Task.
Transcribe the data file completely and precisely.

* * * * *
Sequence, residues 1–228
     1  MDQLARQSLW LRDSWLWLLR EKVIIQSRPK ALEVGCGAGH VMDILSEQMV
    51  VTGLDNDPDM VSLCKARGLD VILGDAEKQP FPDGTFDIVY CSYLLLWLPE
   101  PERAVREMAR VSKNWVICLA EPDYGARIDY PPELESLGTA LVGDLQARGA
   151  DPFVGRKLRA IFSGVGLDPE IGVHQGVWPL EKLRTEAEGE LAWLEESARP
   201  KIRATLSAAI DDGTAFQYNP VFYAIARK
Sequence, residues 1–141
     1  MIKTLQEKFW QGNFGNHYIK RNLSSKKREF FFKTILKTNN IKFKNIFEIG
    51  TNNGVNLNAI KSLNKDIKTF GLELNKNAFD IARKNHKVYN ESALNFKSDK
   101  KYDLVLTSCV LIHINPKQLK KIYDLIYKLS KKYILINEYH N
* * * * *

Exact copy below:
Sequence, residues 1–228
     1  MDQLARQSLW LRDSWLWLLR EKVIIQSRPK ALEVGCGAGH VMDILSEQMV
    51  VTGLDNDPDM VSLCKARGLD VILGDAEKQP FPDGTFDIVY CSYLLLWLPE
   101  PERAVREMAR VSKNWVICLA EPDYGARIDY PPELESLGTA LVGDLQARGA
   151  DPFVGRKLRA IFSGVGLDPE IGVHQGVWPL EKLRTEAEGE LAWLEESARP
   201  KIRATLSAAI DDGTAFQYNP VFYAIARK
Sequence, residues 1–141
     1  MIKTLQEKFW QGNFGNHYIK RNLSSKKREF FFKTILKTNN IKFKNIFEIG
    51  TNNGVNLNAI KSLNKDIKTF GLELNKNAFD IARKNHKVYN ESALNFKSDK
   101  KYDLVLTSCV LIHINPKQLK KIYDLIYKLS KKYILINEYH N